An ode to the panga

The humble panga is one of the most versatile and ubiquitous boats of all time
panga in heavy swell rough water
Photo: Earl Harper.

On our second day fishing out of the east end of Roatan, our guide, Michael Boden, pointed the nose of his plus-sized panga into the west wind and toward the open ocean. As the sun made its morning appearance over the Caribbean, Earl and I could see what awaited us. Moments later, as Michael guided the boat out of the protected waters of the bight and into the waves, we were in it. The first giant roller looked like it was 20 feet over our heads, and I’m not ashamed to admit that, even this close to the shallows, a spear of terror shot through my heart.

At the bottom of the swell, Michael gunned the 115-horsepower outboard to life, and the panga, a sturdy, time-tested craft, climbed the swell like a dune buggy plugging over a mountain of sand. Once atop the roller, the boat laid down nicely, but another wave was coming – this one taller and more imposing. Again, Michael goosed the motor, and up the panga went. I was certain the roller would break and come right down atop the nose of the craft, dooming us all to the fates of the blue water. Here we come, Davy Jones. Open the locker. I inhaled sharply and grabbed the gunwale of the craft, knowing for certain that in moments I’d be swimming.

“Jesus Christ,” I said aloud. Next to me, Early scoffed, as if this was nothing.

“Don’t be such a …” Then, he saw what I saw, and did a quick recalculation in his head. “Oh, my God,” he said, as the wave started to break and the nose of the boat dipped just a hair.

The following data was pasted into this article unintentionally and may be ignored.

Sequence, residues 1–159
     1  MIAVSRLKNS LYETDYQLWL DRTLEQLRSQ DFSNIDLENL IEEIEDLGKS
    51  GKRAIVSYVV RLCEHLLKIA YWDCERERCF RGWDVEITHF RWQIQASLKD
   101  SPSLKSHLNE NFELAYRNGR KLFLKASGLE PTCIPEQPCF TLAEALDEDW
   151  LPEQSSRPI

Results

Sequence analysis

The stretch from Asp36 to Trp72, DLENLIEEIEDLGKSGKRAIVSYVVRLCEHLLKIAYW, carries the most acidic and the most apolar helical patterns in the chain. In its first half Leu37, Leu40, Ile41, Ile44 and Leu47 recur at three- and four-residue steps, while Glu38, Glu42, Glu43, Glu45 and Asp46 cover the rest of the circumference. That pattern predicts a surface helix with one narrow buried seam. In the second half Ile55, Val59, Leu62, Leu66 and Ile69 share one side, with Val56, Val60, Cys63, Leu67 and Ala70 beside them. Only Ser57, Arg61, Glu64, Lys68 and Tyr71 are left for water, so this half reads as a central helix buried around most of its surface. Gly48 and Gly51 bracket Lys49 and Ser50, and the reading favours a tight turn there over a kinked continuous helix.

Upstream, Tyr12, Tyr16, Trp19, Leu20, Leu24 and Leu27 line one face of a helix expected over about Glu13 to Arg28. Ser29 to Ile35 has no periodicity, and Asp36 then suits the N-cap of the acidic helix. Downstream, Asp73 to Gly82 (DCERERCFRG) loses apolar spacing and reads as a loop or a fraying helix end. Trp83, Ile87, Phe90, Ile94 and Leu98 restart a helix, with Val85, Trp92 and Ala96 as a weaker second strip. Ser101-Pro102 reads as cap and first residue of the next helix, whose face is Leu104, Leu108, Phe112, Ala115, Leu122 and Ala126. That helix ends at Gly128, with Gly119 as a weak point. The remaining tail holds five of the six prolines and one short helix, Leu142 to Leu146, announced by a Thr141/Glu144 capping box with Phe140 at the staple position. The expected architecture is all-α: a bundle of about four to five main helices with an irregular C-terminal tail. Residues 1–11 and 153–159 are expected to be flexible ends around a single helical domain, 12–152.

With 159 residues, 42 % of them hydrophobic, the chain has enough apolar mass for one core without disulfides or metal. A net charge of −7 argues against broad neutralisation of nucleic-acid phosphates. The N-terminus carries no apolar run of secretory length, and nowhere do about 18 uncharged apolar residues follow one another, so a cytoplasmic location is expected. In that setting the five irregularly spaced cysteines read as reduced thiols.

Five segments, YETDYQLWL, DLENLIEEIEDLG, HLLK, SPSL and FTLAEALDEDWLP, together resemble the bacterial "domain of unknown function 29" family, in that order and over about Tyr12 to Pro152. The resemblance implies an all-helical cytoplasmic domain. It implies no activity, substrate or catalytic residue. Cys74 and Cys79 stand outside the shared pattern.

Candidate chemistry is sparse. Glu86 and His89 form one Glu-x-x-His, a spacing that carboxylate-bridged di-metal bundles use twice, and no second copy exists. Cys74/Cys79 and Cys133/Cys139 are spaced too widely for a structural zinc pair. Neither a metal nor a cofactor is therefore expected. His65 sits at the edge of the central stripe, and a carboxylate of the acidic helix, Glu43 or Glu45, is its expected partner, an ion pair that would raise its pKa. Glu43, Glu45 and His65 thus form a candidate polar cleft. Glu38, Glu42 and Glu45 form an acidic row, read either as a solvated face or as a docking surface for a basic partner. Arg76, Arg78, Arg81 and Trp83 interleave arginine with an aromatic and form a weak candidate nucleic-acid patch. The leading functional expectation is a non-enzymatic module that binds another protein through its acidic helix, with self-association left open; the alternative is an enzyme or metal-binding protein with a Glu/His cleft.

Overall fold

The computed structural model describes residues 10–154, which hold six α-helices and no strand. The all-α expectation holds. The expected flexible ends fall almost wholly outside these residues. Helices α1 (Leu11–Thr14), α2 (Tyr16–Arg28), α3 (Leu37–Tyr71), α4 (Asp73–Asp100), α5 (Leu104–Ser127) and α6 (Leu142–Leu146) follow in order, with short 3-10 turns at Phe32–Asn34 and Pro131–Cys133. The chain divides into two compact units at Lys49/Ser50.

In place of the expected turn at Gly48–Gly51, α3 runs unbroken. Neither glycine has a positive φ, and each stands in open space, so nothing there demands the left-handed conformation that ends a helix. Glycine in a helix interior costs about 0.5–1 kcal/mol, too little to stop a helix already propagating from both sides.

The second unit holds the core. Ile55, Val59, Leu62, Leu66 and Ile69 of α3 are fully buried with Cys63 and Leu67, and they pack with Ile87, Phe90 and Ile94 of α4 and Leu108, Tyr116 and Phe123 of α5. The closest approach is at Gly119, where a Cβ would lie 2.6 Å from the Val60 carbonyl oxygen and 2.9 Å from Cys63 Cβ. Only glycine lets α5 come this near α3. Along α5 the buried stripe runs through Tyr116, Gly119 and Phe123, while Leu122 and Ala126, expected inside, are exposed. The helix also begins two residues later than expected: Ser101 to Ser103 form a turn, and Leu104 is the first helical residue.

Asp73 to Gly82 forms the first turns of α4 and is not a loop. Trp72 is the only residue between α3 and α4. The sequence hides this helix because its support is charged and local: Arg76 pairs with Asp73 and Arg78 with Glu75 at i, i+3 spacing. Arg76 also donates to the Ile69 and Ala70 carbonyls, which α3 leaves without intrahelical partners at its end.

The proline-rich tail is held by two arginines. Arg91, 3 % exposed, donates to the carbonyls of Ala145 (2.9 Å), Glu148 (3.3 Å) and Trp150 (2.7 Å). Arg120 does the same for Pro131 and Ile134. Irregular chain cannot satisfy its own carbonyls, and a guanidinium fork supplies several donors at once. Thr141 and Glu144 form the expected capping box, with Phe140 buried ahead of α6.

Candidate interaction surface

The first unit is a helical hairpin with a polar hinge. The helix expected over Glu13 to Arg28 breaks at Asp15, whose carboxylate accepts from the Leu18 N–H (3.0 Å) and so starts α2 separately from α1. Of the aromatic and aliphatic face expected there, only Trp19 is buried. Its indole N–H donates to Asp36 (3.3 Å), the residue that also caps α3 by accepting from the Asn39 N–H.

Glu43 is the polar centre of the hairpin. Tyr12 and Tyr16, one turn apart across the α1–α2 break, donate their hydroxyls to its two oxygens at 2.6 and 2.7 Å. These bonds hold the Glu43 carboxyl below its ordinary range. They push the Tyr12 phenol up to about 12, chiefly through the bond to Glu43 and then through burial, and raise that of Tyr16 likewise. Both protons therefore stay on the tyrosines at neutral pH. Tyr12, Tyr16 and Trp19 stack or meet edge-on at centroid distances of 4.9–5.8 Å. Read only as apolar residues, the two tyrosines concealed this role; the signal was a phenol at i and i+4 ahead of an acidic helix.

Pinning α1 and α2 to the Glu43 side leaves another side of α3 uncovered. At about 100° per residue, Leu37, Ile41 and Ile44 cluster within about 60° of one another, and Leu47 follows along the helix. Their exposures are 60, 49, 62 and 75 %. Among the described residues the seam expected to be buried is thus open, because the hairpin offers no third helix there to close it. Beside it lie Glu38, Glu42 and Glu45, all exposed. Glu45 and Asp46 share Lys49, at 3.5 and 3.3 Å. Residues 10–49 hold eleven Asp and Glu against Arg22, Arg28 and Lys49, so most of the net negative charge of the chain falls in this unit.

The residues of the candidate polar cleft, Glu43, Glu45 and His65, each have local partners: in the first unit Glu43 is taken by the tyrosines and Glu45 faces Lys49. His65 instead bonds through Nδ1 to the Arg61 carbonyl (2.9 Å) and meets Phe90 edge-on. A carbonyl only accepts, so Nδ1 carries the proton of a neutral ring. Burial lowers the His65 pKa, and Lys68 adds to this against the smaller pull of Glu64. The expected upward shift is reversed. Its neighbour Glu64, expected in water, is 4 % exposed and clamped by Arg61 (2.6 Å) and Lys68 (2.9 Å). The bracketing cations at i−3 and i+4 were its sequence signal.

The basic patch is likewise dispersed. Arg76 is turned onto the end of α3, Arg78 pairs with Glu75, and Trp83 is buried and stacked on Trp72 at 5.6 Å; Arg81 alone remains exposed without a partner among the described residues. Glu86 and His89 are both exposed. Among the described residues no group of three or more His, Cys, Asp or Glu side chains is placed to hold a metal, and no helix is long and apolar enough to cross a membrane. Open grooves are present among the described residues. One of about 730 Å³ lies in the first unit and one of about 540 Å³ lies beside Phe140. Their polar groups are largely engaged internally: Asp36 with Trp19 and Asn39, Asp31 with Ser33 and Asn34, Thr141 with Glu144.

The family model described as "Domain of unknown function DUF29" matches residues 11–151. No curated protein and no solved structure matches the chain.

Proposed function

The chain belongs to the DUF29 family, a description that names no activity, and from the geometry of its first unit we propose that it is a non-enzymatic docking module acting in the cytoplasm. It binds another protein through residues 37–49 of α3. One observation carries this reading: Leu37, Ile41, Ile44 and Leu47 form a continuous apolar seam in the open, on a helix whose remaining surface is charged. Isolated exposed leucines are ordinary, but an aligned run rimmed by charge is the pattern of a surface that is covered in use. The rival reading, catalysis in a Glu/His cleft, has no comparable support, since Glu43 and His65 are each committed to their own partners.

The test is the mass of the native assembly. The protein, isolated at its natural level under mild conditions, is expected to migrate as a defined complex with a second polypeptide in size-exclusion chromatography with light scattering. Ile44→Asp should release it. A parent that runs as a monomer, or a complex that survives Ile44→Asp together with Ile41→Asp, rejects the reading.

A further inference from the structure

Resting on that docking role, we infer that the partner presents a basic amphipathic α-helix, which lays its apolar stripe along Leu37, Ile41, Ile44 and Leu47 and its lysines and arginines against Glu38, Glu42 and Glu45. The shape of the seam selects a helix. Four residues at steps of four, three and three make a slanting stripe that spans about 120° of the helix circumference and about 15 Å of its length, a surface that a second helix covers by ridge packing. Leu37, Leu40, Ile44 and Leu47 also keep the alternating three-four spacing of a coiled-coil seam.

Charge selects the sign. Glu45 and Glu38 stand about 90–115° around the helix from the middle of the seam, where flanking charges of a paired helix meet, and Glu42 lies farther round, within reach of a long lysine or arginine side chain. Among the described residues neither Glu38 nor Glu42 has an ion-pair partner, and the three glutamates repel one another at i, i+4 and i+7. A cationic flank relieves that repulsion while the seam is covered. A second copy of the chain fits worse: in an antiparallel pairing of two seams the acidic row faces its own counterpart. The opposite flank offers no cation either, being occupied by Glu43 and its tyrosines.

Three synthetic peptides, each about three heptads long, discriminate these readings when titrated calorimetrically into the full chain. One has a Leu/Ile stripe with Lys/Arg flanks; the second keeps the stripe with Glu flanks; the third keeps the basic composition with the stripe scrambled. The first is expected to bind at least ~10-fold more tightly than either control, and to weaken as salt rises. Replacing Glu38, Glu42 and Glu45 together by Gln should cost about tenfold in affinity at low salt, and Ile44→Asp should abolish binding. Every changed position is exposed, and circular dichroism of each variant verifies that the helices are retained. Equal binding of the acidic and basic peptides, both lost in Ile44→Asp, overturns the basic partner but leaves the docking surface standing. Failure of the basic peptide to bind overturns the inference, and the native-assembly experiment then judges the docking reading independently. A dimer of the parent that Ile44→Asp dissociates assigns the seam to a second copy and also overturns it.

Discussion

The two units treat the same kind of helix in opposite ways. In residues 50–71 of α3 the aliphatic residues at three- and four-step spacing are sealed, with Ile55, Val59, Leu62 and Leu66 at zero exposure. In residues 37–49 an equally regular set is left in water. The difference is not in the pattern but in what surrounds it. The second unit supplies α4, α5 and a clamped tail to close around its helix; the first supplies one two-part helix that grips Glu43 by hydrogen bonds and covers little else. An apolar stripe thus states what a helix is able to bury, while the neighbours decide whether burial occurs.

An audible and collective inhale could be heard, and there might have been a slight giggle from Michael, who sat behind us in the stern of the boat, manning the wheel.

Another roar from the modest outboard lifted us to the top of the wave, and the boat started its descent into another watery canyon. And it went on like that for a good 15 minutes. Earl and I sat in the center of the boat, good and puckered. Michael, as if he’d done this a hundred times – and I suspect he had – just kept pointing the nose of the buoyant craft into the face of the waves, daring one of them to try and swamp us.

Finally, after getting us back “inside,” to more placid waters, I looked at Earl. He looked back, with a grin on his face.

“That was fun,” he said. “It’s like a rollercoaster ride.”

Yeah. Now that we had survived, it was fun.

You’ve got to love a panga.

Pangas along the beach in Punta Allen, Mexico
Pangas along the beach in Punta Allen, Mexico (photo: Chad Shmukler).

Murky origin

If you’ve fished from a boat just about anywhere south of Brownsville, Texas, or San Diego, Calif., you’ve likely fished from a panga. Generally associated with Mexican fishermen from the Sea of Cortez to the southern Yucatan, the panga is the boat of choice for most of Central America. Its delta-shaped hull, bomb-proof fiberglass construction and minimalist design make it an easy option for both utilitarian fishermen and for guides who transport clients from flat to flat or from reef to reef.

While nothing’s unsinkable, the panga just might be as close to it as any other craft on the sea. The boat, according to some, gets its name from its upswept hull — it looks like a long knife, called a panga (or a machete), that’s used to clear brush. Others say the boat gets its name from the panga fish, which is often netted from boats in southern tropical seas around the globe. While the boat version of the panga doesn’t slice through anything (nor does it look much like the fish with the same name), it does relentlessly float, unflappable even among the gnarliest of blue-water gales.

But the actual origin of the panga is very much debatable.